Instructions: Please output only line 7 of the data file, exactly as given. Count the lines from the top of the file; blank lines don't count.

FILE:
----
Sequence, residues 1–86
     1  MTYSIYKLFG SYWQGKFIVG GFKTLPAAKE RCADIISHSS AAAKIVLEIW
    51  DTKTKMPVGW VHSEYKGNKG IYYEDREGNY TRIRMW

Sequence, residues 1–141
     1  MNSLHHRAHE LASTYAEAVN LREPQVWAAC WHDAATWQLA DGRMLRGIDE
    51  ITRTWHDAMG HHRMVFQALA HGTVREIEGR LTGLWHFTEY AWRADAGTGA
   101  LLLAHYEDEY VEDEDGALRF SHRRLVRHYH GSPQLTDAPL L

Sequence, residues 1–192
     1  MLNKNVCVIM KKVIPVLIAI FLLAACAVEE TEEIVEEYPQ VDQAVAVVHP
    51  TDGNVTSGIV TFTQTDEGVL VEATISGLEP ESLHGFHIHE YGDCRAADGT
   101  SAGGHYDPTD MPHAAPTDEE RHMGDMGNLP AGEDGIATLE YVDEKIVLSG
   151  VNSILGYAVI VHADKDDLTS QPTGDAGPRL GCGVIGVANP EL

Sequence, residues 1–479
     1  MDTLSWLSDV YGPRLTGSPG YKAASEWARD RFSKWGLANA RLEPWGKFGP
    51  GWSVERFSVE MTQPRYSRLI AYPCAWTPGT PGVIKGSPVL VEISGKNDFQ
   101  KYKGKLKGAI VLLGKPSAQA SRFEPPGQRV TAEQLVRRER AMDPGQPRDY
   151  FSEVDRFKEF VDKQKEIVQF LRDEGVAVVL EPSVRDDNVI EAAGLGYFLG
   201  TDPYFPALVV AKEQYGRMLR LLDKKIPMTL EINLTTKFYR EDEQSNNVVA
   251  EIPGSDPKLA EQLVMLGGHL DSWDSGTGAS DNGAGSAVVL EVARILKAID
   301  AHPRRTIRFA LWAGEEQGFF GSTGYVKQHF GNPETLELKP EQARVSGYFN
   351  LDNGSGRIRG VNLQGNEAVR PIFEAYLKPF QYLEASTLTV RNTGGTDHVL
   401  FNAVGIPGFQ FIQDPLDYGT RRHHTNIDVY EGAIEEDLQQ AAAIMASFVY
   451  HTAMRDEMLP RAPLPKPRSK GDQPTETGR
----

   101  LLLAHYEDEY VEDEDGALRF SHRRLVRHYH GSPQLTDAPL L